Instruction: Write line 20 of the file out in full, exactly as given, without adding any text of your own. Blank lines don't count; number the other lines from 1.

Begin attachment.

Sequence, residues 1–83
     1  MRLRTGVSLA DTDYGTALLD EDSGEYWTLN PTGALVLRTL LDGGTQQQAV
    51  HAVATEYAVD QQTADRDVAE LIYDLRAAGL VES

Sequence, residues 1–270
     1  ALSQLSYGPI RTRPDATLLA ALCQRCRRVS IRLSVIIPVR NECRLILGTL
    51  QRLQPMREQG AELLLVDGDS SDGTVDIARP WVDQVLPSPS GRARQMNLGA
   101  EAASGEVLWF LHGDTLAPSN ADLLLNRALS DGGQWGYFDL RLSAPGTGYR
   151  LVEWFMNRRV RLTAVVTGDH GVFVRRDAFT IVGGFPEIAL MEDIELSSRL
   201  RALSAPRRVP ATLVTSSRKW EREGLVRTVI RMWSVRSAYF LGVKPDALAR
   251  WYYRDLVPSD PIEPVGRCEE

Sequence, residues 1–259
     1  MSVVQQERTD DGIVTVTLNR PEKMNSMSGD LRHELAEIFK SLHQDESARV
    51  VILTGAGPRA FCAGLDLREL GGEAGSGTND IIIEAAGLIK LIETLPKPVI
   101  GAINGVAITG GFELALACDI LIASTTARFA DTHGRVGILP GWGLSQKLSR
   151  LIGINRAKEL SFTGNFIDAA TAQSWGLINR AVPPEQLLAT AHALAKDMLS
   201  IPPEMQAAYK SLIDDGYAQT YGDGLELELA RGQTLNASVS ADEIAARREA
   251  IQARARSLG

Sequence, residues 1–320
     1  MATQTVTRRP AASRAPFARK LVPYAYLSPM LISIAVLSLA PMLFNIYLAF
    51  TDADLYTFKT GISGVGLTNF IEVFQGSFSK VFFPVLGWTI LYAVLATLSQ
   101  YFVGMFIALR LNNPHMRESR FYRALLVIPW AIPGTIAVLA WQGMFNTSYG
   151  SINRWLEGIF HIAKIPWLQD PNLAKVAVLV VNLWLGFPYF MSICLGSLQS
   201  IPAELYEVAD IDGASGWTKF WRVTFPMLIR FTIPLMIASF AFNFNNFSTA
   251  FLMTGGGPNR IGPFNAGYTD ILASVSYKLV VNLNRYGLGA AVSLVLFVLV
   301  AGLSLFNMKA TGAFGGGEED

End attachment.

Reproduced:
    51  TDADLYTFKT GISGVGLTNF IEVFQGSFSK VFFPVLGWTI LYAVLATLSQ